If you’ve never read it, you absolutely must; Noughts and Crosses is a rather nuanced and thoughtful YA story about racism and prejudice, with a very clever ‘twist’; the society depicted is one wherein black ‘Crosses’ are the ruling classes, who previously enslaved the white ‘Noughts’, who are now second class citizens. This allows for a subtle, clever representation of racism, with several strongly drawn characters, and an emotionally compelling plot. The book was met with particular acclaim, and has been the subject of a radio adaptation in 2012, as well as a play toured by the Royal Shakespeare Company, starring Richard Madden and Ony Uhiara in 2008.
Now, then, it’s going to be a television series. While there isn’t yet word on the length of the series, or exactly when it will air, the two writers in charge of the adaptation have been announced: Levi David Addai and Matthew Graham. Levi David Addai is an accomplished playwright, having written plays such as I Have A Dream and Oxford Street, as well as being nominated for an Olivier award in 2009 and winning the Alfred Fagon award in 2011. His most prominent television credit is E4’s Youngers, but a look at his CV reveals several drama awards and nominations across the years. Matthew Graham is similar accomplished, known for Life on Mars, Ashes to Ashes, and episodes of Doctor Who under both David Tennant and Matt Smith; interestingly, it was also recently revealed that Graham was tapped to write for a Star Wars television show, and worked closely with George Lucas for several months.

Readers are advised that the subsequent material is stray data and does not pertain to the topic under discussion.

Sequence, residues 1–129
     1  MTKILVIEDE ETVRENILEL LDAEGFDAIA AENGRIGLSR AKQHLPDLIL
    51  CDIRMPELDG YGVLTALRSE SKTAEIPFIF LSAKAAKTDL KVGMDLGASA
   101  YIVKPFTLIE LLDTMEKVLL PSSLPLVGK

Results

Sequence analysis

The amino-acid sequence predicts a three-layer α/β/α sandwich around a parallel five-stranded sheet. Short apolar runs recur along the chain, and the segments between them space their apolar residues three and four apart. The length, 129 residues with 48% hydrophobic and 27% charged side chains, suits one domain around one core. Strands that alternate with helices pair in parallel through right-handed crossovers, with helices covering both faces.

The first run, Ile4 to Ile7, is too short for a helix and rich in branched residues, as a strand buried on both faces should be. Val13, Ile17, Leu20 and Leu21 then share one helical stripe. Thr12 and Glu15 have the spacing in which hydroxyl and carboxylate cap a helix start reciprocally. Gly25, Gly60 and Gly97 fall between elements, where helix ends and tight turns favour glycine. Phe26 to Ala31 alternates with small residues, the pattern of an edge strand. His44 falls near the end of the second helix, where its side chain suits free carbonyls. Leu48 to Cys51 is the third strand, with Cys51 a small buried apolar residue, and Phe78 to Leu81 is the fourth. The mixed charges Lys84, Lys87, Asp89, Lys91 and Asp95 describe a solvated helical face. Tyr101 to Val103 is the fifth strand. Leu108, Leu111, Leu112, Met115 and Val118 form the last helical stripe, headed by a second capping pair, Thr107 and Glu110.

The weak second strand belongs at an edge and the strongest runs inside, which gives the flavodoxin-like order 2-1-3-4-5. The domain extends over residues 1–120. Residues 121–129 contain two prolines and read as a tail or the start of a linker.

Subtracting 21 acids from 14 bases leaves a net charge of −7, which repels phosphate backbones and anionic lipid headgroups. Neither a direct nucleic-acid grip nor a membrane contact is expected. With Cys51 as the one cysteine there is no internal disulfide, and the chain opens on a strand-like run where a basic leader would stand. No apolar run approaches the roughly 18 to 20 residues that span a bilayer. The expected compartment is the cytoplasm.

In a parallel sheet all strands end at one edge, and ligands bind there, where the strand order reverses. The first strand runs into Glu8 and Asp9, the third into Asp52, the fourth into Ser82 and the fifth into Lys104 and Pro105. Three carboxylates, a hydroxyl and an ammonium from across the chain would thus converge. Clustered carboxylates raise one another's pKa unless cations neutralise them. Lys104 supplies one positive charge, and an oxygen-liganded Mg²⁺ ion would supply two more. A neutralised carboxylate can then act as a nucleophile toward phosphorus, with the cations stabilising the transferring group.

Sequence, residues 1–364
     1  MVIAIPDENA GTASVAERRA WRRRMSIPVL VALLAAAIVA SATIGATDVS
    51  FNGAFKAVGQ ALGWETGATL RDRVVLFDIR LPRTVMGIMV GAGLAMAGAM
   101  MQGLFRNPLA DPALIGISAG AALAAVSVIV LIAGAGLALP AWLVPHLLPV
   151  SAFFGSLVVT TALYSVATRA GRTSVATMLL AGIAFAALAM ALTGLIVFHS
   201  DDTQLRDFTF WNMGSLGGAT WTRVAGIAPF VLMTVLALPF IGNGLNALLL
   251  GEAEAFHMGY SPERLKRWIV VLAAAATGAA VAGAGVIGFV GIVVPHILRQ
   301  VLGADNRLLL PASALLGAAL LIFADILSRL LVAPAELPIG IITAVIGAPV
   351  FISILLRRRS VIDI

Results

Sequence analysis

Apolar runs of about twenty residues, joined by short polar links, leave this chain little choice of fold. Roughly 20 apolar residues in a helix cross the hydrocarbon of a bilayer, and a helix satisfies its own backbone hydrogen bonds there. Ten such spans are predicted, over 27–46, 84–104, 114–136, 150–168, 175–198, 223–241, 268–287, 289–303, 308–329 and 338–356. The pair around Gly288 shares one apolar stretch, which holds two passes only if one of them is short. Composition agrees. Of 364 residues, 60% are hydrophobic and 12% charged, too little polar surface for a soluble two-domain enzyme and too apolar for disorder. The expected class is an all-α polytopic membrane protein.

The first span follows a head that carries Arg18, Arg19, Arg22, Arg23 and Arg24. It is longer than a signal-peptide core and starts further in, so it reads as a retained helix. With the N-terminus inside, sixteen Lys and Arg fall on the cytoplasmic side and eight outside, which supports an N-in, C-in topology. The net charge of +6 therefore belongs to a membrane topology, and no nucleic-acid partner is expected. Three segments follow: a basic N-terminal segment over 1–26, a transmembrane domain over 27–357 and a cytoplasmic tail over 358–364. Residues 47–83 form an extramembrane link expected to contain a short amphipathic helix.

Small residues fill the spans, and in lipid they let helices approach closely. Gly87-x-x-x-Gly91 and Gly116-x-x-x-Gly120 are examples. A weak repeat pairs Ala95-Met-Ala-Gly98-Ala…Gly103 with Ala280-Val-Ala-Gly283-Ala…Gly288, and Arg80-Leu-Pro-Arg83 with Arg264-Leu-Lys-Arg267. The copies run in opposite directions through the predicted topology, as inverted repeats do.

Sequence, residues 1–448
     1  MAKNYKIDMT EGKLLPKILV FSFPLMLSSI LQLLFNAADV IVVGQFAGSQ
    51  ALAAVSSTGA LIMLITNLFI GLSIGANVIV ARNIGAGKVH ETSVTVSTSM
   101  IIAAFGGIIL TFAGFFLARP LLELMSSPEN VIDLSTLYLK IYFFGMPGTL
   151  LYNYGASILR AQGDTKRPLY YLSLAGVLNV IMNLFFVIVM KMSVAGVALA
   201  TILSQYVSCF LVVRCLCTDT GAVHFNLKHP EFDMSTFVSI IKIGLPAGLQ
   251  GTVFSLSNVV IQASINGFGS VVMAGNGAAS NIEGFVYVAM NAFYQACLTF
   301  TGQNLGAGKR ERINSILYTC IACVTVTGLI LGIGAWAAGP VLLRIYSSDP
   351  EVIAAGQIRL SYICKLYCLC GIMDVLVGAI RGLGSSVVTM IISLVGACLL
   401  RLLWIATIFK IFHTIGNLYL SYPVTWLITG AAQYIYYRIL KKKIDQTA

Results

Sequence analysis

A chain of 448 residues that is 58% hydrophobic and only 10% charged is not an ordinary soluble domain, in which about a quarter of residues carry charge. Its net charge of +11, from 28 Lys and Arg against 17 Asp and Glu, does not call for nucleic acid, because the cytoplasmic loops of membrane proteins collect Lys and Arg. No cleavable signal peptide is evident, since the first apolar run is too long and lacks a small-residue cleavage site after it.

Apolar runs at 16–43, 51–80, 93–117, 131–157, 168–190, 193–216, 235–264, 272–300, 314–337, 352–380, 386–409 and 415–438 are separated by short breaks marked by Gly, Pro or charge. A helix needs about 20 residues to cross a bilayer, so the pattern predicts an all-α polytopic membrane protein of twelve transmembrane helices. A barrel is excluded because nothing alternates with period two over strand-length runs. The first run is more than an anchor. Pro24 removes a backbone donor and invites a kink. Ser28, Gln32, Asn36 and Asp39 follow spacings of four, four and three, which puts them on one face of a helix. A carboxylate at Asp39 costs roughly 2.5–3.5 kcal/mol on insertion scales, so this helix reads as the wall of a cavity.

On his appointment, Levi David Addai said this:
“I’m honoured to be trusted with bringing Malorie Blackman’s superb novel to a BBC One audience. It’s a powerful story drawing on themes of hope, love and identity, set in a brilliantly conceived world that makes us think again about our own.”
Similarly, Charlotte Moore, the Controller of BBC One, has commented:
“Noughts and Crosses is the definitive book for a young adult audience and the perfect fit for BBC One. Superb, high octane compulsive storytelling set within an alternative history that explores really relevant themes about race, privilege and how we treat each other.”
Finally, Malorie Blackman herself – an OBE and Children’s Laureate 2013 – 2015 – stated:
“I am beyond thrilled that Noughts and Crosses will be dramatised by the BBC - it couldn’t have found a better home. Callum and Sephy seem to have meant a lot to readers over the years and I’m excited at the prospect of watching them on my TV!”
At this stage, obviously, we also don’t know who’s going to be cast in the series; it has been confirmed, though, that the adaptation will centre around the first book in the series. The series will be produced by Mammoth Screen, a London based company dedicated to creating “high quality, writer-led drama and comedy for British and international broadcasters.”
Have to say, I’m extremely excited about this. I was a huge fan of the series when I read it earlier this year – got through all four books in the space of two days – and I think it’s going to make for some absolutely electric television drama, and could well prove to be particularly relevant even now, albeit perhaps unfortunately so. It’s also really encouraging to see that the BBC is remaining committed to producing top quality drama, as well as encouraging diverse voices.
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